Vitamin D increases the increases the amount of proteins in your immune system that kill foreign and potentially harmful bacteria. Studies show that TB patients who have been given vitamin D doses had faster rates of recovery and experienced fewer TB symptoms.

A study in Pakistan determined that low vitamin D levels were partly responsible for the progression from dormant to active TB. Low vitamin D levels can be looked at as a sign of possible latent TB or a sign of the patient having been diagnosed with TB once before (27).

To treat TB with vitamin D it is recommended to take no more than 10,000 IU (international units) a day.

12. Vitamin D Influences Gene Expression

Vitamin D is involved in the process of gene expression, which is where certain functions of cells are turned off or turned on.

Gene expression is a process in which genes synthesize products (usually proteins that go on to become hormones, enzymes and receptors that carry out important functions) according to genetic instructions provided by our DNA.

An analysis carried out on 8 vitamin D deficient adults found positive changes to the actions of 291 different genes. These genes were directly involved in 160 pathways that are linked to infectious and autoimmune diseases, cancer, the way cells respond to stress, DNA regulation and heart function (28).

Vitamin D downregulates and upregulates proteins manufactured by gene regulation (29).

13. Vitamin D Can Ease Multiple Sclerosis

Multiple sclerosis is an autoimmune disease where your immune system targets and damages the myelin sheath that protects your nerve fibers in your spinal cord and brain (the central nervous system) that causes a problem with the communication between the brain and body. MS could eventually cause permanent damage (30).

The symptoms of MS vary. The more damage done to the nerves, the more severe the signs are (loss of vision, feeling permanently fatigued, heavily impaired coordination and pain). At its severest, people with MS may lose the ability to walk.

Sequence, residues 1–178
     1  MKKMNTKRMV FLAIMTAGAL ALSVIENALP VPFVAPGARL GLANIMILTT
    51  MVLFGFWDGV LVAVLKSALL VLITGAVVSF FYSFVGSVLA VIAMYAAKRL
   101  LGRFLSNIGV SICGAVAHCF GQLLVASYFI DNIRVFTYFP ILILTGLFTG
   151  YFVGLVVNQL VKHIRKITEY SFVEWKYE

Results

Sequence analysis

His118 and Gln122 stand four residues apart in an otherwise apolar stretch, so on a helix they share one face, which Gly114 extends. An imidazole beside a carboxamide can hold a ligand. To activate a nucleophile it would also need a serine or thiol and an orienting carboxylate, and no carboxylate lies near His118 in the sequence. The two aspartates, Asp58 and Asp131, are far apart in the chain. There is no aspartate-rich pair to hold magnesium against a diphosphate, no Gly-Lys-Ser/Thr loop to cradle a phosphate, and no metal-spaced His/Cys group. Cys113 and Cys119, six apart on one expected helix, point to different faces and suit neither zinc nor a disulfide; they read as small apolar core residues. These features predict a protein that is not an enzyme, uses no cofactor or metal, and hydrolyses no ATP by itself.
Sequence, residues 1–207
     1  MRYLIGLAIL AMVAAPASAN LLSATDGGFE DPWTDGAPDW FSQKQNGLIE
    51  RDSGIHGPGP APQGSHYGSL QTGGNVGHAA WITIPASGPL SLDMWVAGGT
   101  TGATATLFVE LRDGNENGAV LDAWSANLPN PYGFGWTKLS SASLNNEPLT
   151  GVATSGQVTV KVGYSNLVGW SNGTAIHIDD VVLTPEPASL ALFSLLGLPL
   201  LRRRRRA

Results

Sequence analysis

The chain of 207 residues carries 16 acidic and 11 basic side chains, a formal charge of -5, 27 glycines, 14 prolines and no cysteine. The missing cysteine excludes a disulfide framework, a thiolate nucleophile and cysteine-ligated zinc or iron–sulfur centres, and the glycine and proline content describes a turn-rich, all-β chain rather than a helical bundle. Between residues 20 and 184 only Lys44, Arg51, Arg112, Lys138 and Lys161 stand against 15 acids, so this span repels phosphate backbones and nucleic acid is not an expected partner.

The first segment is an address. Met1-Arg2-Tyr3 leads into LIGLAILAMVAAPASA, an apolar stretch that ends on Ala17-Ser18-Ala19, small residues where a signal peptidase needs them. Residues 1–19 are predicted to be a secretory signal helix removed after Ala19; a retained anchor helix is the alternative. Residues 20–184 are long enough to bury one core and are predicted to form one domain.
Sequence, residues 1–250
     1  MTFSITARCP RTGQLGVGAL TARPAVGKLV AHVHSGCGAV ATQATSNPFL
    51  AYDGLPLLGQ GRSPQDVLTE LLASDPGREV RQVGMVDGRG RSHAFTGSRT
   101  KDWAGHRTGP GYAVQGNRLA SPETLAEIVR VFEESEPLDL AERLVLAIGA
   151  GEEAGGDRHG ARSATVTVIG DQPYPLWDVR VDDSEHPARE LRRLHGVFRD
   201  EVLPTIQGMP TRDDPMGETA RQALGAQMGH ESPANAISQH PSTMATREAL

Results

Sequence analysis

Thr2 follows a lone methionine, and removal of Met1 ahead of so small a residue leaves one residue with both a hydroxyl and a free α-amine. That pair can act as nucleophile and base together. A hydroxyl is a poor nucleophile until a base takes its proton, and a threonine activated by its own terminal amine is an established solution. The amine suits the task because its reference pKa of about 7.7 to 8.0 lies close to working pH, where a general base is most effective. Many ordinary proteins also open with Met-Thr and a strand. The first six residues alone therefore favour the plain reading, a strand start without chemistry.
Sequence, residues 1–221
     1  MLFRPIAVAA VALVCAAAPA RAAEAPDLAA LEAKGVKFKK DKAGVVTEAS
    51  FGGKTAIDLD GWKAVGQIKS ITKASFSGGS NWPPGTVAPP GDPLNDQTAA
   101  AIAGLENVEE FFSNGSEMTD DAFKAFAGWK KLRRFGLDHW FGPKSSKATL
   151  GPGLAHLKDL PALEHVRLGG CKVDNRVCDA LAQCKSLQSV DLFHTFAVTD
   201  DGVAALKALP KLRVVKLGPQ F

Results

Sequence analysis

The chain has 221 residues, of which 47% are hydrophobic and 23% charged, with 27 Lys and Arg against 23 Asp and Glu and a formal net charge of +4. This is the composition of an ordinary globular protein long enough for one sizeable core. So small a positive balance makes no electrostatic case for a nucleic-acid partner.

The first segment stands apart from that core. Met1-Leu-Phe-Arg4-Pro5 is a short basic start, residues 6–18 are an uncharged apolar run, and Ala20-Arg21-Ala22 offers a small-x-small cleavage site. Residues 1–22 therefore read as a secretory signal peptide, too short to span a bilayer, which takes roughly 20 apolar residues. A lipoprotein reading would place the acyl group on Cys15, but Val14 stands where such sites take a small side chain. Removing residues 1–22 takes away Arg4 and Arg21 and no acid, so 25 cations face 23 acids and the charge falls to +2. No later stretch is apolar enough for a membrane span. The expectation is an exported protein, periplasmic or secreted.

MS has found to be more common in areas that are further away from the equator and thus get less sun year round (31). Research shows that babies born with lower levels of vitamin D in their blood are more likely to develop MS later on in life.

Patients suffering from MS report less attacks during Summer months which correlates with more exposure to direct sunlight which results in the body creating more vitamin D (32).Studies hoping to determine the effects of vitamin D on myelin repair and its role in neuroprotection are currently underway (33).

14. Vitamin D Improves Your Eyesight

People with low vitamin D levels are at risk of developing wet macular degeneration. Wet macular degeneration is a chronic disease of the eye and causes a person to develop a blind spot in their field of sight or blurred vision. It is caused by unusual growth of blood vessels within the eyes that secrete excess fluid or blood.

Vitamin D prevents angiogenesis, the process by which blood vessels form. It is also an anti inflammatory which also helps to prevent wet macular degeneration as the disease is worsened by inflammation in the eye (34).

15. Vitamin D Improves Metabolic Syndrome

Elevated blood pressure, excess amounts of body fat in the stomach area, atypical cholesterol levels and high sugar levels are all a part of metabolic syndrome. The dangers of metabolic syndrome are high risk of stroke and heart attacks.

Metabolic syndrome affects up to 25 percent of the adult population worldwide. It is caused by a vitamin D deficiency coupled with a diet high in saturated fats and carbohydrates (35).

Vitamin D spurs on manufacturing of defensins, molecules which maintain and restore the health of gut flora (microorganisms in the digestive tract). Healthy bacteria in your gut reduces the fat in the liver and regulates blood sugar.

Vitamin D also boosts the diversity of bacteria in your gut which reduces risk from harmful pathogens (36).

15 Best Vitamin D Foods

1. Egg Yolks

Egg yolks have a bad reputation for being high in cholesterol, and they are, but with High Density Lipoprotein cholesterol which is also known as the “good” cholesterol. HDL cholesterol is considered good because of it’s relationship with LDL cholesterol (low-density protein which is considered the “bad” cholesterol).